continue at an equal ratio with the last lew years,
imported liquors will find a formidable rival. The
wine made from the Citawbi grape, is in 1 1 pro
bability the purest article thai can possibly be ob
tained. The Wine Association of Cincinnati pro
tect not only themselves, but the public, and,
whenever an art:c.le is detected that is not fully up
to the standard, the manufacturer is at one held
responsible. There is nothing in there wines or
brandies but the pure juice of the grape. The
Sparkling Catawba is now preferred to most of the
imported brands, and, as a beverage, is much
more agreable and healthy. It contains no "he id
aehe" commodities. The still winvs are prefera
ble to the light French or German Wines, and,
as the consumer is guaranteed a pure article, there
i much urre safely in using the native. These
wines are highly recommended by physicians as
an e SCel lint tonic, and every way beneficial to the
invalid.
L'xTRAORiMNARV Occt'R hence. On Friday
evening, the 27th tilt., mi Birmingham, some fifty
workmen engaged on n new building retired to a
shed to avoid a very heavy shower. While there
an electric flash was seen, and the fifty men were
instantaneously prostrated. None were killed
The majority of them recovered the shock within
five minutes ; but in one caso, fifteen minutes
elapsed before recovery, The not ex raordina
ry feature tu this occurrence is that several of
them were covered over with large black blisters,
varying in size from one and a half tu four inches.
V a Nut.'.v lis.V- Some ungracious person the
other day shot a rifle ball into the d tguerreotype
oi a young lady, inserted in her tombstone, in the
cemetery at Wheeling. Such an outrage deserves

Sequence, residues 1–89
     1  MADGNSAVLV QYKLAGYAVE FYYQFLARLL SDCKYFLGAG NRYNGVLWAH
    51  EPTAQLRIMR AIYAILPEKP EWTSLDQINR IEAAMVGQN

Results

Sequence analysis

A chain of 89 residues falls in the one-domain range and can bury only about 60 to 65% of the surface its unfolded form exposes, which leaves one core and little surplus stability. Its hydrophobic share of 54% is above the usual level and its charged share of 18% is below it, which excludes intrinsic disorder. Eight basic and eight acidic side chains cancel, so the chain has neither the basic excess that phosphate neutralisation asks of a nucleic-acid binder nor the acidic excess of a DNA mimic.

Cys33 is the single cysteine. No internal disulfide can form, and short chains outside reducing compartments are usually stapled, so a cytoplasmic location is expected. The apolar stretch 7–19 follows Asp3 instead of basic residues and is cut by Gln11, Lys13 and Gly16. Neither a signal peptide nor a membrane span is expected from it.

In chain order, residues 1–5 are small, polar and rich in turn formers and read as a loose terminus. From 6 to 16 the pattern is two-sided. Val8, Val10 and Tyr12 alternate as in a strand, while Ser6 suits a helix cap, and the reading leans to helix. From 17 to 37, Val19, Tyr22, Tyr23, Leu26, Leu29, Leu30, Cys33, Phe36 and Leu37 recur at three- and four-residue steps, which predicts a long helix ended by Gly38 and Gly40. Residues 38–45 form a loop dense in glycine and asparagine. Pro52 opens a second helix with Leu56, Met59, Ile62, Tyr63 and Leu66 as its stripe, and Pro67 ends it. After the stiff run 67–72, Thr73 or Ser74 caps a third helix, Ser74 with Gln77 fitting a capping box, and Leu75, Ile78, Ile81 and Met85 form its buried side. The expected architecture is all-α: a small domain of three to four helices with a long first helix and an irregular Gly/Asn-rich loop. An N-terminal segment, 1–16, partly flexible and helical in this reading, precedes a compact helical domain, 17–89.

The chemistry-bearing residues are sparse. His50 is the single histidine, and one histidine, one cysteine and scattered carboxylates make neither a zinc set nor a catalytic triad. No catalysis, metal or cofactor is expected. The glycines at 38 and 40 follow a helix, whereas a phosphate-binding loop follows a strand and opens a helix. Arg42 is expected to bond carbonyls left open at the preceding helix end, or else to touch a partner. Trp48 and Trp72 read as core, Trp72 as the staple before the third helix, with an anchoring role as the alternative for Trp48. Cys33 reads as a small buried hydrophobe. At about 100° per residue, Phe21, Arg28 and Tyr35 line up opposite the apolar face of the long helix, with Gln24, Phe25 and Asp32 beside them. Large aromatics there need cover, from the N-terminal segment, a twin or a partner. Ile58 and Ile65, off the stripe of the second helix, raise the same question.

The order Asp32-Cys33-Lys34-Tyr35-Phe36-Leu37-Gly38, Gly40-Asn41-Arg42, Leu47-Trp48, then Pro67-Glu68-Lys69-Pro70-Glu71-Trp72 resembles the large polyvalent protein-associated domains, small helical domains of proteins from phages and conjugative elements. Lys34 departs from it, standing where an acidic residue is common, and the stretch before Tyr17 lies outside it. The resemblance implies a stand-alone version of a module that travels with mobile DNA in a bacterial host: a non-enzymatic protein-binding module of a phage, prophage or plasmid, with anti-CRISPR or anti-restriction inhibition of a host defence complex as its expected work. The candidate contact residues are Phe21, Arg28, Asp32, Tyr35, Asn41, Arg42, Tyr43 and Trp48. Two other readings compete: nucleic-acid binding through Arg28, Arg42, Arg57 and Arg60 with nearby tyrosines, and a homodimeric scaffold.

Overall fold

the severest punishment. Exchange.
We do not intend to defend ibis piece of rifle
practice, but we must say that public taste is as
much outraged according to our notion by placing
such things as daguerreotypes on a tombstone as
public sentiment is violated by their wanton des
truction. The editor of Ihe Rochester Democrat gives
his receine to kill fleas on dogs; Soak th dog
for five minutes in campher.e. and tht.i set fire to
him. The effect is instantaneous,
A Toast, Tho following mast was given at
Beodeford. on ihe Fourth of July ; 27u Clergy.
Ali honor to ihe cl-rgymm who follow hi Mar
Ur instead of his faym-ister,
A Warning to Democrat. In view of tho
result of North Carolina, the Wilmington Journal
uses the following warning language :
" It is a noticeable fact, and we would earnestly
command it to the attention of those democruts
who may think, or msy hve thought, that the
'order' would promote Ihem, and thai, through is
portals was the direct rou'e to office and prefer
ment, that not one former democrat has been el
ctcted in North Carolina, but that the former whig
know. nothings have been. Reid, Latham, Shep